The order in which clients make gifts into trusts is crucial for controlling the future inheritance tax liability, warns Skandia head of tax and financial planning Colin Jelley.
He says people should first use exempt gifts, followed by loans to trusts, then chargeable lifetime transfers and potentially exempt transfers although each case must be determined individually.
He warns that CLTs to discretionary trusts must be made before Pets because the 10-year periodic charge on the discretionary trust will depend on what other CLTs were made in the seven years prior to the discretionary trust being set up.
Jelley says if a client made a Pet in this seven-year period and died within seven years of making it, the failed Pet would become a CLT and so be included in the discretionary trust’s tax calculation at the 10-year anniversary. But if the Pet was made after the CLT, it would not be included and the tax bill would be reduced.
Jelley gives the example of two gifts, each for £285,000 – one made into a discretionary trust for a grandchild and a bare trust for two adult children.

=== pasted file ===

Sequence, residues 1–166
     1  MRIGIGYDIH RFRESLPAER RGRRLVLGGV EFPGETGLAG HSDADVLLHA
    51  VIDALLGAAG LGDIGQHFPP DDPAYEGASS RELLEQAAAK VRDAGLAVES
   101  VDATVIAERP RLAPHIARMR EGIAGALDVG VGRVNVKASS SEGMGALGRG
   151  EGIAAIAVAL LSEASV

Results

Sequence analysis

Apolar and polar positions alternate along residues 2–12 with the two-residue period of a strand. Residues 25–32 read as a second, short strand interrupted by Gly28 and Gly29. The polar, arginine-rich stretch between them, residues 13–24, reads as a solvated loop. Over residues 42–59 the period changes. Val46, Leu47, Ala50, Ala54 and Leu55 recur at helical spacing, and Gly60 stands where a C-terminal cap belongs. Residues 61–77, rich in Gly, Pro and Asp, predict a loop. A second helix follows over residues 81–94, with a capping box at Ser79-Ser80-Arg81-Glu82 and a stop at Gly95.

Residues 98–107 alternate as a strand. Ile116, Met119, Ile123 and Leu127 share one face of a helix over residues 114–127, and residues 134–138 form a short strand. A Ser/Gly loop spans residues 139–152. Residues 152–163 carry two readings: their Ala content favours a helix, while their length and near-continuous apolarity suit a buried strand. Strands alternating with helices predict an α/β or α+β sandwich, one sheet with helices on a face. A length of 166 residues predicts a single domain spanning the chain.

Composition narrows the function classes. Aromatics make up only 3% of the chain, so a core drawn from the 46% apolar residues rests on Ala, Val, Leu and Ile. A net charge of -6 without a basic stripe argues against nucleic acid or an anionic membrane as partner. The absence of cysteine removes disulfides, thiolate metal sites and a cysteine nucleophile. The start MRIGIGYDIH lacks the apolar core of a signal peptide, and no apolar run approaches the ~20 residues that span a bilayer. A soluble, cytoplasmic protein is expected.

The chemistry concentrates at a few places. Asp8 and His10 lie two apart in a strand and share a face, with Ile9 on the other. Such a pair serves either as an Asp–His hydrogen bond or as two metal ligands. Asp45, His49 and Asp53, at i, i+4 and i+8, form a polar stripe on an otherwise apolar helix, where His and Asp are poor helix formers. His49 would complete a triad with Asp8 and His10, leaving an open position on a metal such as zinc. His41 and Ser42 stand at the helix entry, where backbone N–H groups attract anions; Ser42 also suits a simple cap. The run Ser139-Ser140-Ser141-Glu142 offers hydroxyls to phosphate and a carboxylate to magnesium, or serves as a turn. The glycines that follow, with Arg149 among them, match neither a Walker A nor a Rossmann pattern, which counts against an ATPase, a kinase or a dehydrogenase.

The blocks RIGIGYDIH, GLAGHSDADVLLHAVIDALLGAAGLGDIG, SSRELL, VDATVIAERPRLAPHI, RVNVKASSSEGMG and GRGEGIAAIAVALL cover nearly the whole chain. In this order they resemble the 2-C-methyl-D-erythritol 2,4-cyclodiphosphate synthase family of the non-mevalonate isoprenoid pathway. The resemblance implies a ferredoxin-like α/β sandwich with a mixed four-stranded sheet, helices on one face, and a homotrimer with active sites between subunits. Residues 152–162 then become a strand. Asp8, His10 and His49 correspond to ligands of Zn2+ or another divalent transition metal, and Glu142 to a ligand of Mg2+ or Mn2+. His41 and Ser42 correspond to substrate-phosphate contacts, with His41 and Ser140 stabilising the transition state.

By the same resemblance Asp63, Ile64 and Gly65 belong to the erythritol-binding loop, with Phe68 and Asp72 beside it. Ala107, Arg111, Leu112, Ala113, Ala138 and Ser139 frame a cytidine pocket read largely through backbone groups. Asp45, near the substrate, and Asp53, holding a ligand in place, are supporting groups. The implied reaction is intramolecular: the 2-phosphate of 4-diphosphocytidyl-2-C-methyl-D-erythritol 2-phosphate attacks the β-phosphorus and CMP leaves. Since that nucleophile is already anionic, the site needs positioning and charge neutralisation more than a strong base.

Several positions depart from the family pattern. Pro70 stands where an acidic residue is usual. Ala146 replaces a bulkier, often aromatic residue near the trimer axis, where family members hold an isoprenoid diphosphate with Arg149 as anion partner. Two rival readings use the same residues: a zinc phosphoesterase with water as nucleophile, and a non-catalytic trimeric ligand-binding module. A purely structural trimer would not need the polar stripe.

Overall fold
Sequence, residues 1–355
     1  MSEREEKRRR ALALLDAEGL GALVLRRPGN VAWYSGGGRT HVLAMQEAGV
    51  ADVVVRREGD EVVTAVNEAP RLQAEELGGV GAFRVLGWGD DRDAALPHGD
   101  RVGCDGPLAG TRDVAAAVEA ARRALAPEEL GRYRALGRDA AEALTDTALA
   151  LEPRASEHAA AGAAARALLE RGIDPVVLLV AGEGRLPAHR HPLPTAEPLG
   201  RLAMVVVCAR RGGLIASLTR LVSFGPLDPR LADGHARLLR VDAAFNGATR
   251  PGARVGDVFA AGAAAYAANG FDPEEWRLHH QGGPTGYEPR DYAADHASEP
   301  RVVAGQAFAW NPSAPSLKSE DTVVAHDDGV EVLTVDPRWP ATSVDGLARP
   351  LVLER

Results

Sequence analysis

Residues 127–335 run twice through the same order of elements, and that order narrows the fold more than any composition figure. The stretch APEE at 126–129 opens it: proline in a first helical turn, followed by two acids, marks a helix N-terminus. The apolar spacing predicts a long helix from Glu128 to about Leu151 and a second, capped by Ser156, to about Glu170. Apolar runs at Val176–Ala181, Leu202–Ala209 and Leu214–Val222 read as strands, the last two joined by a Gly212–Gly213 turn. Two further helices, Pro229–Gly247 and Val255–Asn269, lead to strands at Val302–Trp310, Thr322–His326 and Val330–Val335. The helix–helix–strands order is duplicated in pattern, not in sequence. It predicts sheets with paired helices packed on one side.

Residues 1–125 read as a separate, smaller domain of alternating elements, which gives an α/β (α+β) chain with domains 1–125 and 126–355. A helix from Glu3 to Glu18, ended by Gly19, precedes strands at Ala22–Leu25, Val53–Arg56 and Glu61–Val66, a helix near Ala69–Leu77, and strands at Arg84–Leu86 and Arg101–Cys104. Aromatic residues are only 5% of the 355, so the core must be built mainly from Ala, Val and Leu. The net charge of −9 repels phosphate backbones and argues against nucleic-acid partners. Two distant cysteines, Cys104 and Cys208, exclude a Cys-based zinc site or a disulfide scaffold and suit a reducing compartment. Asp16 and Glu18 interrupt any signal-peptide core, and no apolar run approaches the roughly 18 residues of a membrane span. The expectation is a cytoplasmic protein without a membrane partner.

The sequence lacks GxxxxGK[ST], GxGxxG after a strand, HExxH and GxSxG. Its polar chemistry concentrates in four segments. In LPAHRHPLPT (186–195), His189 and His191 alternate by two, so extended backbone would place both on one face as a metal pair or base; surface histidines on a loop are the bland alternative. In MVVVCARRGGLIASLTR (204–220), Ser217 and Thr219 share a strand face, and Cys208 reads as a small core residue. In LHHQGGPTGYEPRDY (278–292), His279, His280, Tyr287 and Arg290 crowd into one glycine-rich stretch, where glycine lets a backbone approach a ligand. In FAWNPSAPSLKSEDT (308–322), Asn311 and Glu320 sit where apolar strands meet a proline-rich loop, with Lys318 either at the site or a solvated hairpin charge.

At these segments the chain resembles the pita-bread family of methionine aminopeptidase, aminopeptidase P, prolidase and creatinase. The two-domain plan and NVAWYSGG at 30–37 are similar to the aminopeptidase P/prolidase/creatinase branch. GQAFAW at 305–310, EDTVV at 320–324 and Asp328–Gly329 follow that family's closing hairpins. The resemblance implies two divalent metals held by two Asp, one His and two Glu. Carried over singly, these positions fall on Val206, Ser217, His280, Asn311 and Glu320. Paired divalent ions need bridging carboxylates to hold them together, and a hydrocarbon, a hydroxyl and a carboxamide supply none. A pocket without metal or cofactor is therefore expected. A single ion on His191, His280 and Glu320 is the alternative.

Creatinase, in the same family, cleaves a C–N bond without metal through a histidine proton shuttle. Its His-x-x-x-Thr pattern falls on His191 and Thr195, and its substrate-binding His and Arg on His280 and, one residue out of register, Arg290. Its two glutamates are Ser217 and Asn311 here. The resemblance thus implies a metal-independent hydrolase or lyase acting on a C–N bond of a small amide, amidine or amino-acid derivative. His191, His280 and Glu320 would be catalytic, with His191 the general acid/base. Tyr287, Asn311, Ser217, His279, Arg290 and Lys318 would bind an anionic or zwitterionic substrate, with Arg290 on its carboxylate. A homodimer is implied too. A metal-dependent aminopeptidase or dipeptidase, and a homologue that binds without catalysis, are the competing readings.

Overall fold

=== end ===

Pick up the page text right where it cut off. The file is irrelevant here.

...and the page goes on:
If the client dies 18 months later and it is assumed that the estate is passed, exempt of IHT, to his wife and his annual exemptions have been used elsewhere, if the Pet was made before the chargeable lifetime transfer, the tax charge would be £18,600. However, if the chargeable lifetime transfer was made before the Pet, the tax charge would fall to £1,500.
Jelley says: “Advisers really need to understand their clients’ transactional histories over the last seven years. The idea that the order in which gifts are made could have such an impact on a client’s tax bill may be surprising to some advisers and not what they are used to. But ensuring gifts are made in the right order must be part of the financial planning process. Getting it wrong could result in unnecessary tax bills.”